– There’s not much left in this Minnesota farm town between New Ulm and Marshall, 130 miles southwest of Minneapolis.

The Farmers Cooperative grain elevator where Herbert Brand worked for 18 years stands abandoned. The American Legion Post 385 dance hall, where Brand served as commander while his wife, Faye, served drinks at weekly dances, now sits cold and dark on Main Street.

The population has plummeted to 80, less than half its peak of 191 in 1940, the year Herb and his older brother, Nicholas, enlisted in the Navy in their mid-20s. Back then, Wanda boasted two grocery stores, two bars, two churches, a farm implement business and hardware store. Most of that buzz has since fallen silent.

But Wanda remains home to one of the more miraculous stories — and souvenirs — of the Pearl Harbor attack 77 years ago this week that pulled the United States into World War II.

There’s an oil-stained $10 bill inside a display case, amid medals from his Navy days, at the home Herb Brand built for his family in 1952 on the corner of Main and Elm streets in Wanda. Brand carried that $10 bill in his billfold up until he died at 91 in 2007. Brand’s 10th and youngest child, Chuck, lives in the house today with his wife, Terry.

They’re caretakers of that $10 bill on which Brand wrote, “REMEMBER PEARL HARBOR DEC. 7, 1941” around the image of Alexander Hamilton. The bill’s blackened color came from the oil-slicked, flaming water in Pearl Harbor that day.

Herbert and Nicholas Brand were both crew members on the warship U.S.S. California in Pearl Harbor. Nine days after the attack, a telegram arrived from the War Department notifying the family their boys had died.

“Whereas, this community is grief stricken over the loss of two of its valiant and most respected young men while in the service of our country,” Wanda Mayor Paul Spalding said, beginning a proclamation that declared a two-hour “recess in business activity” for a joint memorial service at St. Mathias Catholic Church on Dec. 23, 1941.

Among the 2,400 killed in Pearl Harbor, records show about 100 sailors died and another 60 or so were wounded when two Japanese torpedoes struck the California — igniting an ammunition magazine below deck before the warship settled in the harbor mud.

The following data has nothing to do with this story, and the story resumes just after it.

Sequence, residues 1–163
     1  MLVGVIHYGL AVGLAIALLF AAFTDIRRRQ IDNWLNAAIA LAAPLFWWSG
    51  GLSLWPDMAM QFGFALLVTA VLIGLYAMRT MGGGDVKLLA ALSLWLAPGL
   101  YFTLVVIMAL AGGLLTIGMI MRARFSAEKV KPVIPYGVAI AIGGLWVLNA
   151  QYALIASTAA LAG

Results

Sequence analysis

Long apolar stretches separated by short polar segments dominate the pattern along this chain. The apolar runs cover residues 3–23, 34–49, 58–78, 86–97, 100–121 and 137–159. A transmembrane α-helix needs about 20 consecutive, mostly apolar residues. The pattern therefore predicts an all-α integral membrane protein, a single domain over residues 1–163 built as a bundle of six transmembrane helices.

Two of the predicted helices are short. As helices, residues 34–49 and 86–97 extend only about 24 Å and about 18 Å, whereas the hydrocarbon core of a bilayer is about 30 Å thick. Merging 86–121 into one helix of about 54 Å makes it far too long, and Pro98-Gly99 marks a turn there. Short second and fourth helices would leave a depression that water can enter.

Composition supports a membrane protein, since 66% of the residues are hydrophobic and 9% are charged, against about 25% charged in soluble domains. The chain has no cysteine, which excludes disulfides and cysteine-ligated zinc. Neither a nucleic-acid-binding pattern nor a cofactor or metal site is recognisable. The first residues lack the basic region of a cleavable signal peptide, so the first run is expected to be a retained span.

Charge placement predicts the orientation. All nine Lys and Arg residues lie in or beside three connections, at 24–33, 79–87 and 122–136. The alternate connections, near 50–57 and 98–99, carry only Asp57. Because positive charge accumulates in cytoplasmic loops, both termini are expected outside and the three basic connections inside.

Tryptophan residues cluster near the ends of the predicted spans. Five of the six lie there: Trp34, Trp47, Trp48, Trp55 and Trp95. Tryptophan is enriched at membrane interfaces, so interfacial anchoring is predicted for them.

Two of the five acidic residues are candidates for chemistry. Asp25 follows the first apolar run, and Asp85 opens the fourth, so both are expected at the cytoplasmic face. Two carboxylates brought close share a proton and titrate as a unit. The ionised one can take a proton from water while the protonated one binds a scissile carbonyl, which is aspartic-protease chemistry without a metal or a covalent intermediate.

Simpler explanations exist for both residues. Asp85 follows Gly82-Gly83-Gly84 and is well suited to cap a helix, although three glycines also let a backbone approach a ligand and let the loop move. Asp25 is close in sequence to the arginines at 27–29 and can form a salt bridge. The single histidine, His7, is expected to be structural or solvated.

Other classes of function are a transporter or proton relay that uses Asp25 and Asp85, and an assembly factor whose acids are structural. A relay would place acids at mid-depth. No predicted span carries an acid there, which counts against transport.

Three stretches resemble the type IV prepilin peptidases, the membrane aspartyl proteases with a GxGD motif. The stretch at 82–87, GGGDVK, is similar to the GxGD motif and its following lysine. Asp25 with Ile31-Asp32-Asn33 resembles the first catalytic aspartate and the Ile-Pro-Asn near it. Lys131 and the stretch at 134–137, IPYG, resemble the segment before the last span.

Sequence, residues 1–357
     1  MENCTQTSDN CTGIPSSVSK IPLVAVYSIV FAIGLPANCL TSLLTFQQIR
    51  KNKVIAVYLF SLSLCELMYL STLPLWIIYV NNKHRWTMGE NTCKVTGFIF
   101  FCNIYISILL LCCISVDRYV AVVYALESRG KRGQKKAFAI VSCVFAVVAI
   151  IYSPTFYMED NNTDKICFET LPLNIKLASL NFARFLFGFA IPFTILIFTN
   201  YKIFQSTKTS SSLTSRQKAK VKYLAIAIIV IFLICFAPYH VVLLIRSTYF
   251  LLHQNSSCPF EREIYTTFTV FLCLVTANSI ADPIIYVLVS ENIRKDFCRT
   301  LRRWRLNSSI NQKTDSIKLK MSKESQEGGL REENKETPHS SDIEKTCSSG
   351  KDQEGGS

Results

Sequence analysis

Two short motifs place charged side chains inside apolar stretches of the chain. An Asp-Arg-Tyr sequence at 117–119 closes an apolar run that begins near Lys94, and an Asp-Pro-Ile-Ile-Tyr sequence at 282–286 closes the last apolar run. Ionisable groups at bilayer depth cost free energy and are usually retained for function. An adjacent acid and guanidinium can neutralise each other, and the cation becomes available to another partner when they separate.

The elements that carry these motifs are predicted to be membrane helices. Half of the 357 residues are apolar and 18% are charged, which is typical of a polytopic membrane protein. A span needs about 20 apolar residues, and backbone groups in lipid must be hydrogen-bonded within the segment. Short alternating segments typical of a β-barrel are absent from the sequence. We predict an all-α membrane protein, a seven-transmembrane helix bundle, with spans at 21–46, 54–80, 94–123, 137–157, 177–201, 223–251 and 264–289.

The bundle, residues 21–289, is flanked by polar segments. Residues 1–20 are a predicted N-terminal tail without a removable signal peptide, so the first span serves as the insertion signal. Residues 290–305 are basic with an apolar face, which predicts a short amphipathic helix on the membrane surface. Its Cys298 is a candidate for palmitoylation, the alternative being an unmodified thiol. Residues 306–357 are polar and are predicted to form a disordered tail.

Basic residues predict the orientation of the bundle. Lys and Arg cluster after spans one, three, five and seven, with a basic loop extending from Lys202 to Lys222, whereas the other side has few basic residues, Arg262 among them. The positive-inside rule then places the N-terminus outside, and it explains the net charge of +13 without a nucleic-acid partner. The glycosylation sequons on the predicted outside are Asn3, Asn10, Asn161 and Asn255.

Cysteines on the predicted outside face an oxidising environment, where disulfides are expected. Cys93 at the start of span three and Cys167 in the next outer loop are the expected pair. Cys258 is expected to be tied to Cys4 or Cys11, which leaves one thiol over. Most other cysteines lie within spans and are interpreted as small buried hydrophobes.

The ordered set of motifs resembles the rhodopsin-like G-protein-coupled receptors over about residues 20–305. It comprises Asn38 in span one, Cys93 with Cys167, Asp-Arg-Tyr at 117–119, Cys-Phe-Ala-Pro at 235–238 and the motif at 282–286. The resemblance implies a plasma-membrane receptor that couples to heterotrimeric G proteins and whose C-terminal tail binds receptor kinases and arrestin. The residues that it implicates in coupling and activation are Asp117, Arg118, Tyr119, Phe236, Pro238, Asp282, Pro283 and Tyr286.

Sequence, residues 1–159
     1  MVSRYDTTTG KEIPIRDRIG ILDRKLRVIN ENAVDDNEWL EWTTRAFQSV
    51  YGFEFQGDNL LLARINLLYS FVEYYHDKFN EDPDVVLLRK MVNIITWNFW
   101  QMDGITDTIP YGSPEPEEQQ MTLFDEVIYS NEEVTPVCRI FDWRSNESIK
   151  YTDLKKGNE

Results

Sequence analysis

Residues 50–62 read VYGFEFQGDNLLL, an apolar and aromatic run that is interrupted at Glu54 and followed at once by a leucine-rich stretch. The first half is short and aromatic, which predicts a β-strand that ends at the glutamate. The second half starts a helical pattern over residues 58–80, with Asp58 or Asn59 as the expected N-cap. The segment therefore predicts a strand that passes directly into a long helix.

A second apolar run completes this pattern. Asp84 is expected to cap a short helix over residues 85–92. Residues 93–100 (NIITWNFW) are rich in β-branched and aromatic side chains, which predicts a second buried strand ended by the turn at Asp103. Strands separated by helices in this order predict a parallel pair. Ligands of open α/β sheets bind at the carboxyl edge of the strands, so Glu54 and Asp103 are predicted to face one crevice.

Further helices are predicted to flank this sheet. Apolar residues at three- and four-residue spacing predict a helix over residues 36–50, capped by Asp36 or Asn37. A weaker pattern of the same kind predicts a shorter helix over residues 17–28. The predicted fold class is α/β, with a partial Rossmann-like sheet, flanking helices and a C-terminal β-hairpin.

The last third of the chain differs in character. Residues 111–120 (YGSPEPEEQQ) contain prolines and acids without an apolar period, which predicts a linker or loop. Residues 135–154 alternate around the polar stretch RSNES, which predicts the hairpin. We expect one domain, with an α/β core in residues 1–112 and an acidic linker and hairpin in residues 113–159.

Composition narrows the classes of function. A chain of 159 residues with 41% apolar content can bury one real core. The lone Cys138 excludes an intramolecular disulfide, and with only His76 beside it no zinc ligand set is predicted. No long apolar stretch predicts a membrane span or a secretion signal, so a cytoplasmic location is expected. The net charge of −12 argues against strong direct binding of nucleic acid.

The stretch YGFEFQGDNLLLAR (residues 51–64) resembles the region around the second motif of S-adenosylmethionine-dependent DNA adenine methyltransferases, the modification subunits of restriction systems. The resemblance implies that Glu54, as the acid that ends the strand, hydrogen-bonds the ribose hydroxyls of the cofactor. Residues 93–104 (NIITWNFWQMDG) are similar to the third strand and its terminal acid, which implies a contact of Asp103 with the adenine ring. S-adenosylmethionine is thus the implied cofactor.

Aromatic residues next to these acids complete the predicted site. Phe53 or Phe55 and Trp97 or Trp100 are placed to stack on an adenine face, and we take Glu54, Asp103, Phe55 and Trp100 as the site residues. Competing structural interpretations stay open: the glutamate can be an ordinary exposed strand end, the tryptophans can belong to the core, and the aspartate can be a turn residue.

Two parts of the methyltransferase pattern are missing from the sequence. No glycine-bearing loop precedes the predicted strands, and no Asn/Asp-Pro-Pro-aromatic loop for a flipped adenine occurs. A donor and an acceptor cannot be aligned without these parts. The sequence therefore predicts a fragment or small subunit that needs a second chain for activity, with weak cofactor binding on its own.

In the chaos, Herb and Nick Brand were left for dead and eulogized at a requiem mass at St. Mathias.

“Details of their reported deaths were scant,” the local newspaper reported, “but immediately the entire Wanda community as well as the county mourned them.”

After all, they were the first from the area reported killed in action. Except, they weren’t dead.

Nick suffered facial burns and was hospitalized briefly. Herb was knocked out for a moment but unharmed. It took Herb a week to learn his older brother survived and another week before they were reunited. By then, another telegram arrived at the Brand farm 4 miles northeast of Wanda, saying the boys were OK.

Hearing their sons were killed, only to learn later they were alive, took a toll on Michael and Margaret Brand. “It put a lot of years on Ma and Pa,” Herb told the Lamberton News on the 50th anniversary of the attacks in 1991.

He told the newspaper he was dressed only in shorts and Oxford shoes, waiting to take a shower before church services on the California just before 8 a.m. on Dec. 7, 1941. He had a pail of fresh water to rinse the ship’s salty shower water. “Then all hell broke loose,” he said. A gunner’s mate, he scrambled to fire anti-aircraft guns. “Don’t know if we hit anything, though.”

The crew formed a bucket brigade in hopes of extinguishing fires on the California’s deck before being ordered to abandon ship. Flailing his arms to fight off burning oil, Herb surfaced three times in Pearl Harbor before finding a clear area.

For the next week, he joined the crew — sometimes wading neck deep into the sunken ship to extract bodies of fellow seamen.

“I always had it in the back of my mind that the ship could still blow at any time,” Herb said. “I had no idea of where my brother, Nick, was. Maybe I kept looking, reasoning that Nick might be down there.”

A diver recovered the $10 bill from his submerged locker — a reminder that “The Good Lord was with me,” Herb said.

He stayed in the Navy for nearly 20 years before returning to Wanda to work at the grain elevator and serve once as the town’s acting mayor and on its City Council. Nick wound up in Hopkins, working construction. “He never much talked about Pearl Harbor — he shut it out,” said Herb’s oldest son, Michael, who lives in Fargo, N.D. His second son, Joe, is a retired Army colonel in Sarasota, Fla.

“These men who lived through the horrors of World War II came home, hunkered down and got on with life,” Joe said. “He was glad to be alive but kept it inside, which probably wasn’t the healthiest thing to do. The only time we heard him talking about it was with other Navy men in hushed tones late at night.”

 

Curt Brown’s tales about Minnesota’s history appear each Sunday. Readers can send him ideas and suggestions at mnhistory@startribune.com. His new book looks at 1918 Minnesota, when flu, war and fires converged: https://tinyurl.com/MN1918. Podcasts at www.onminnesotahistory.com.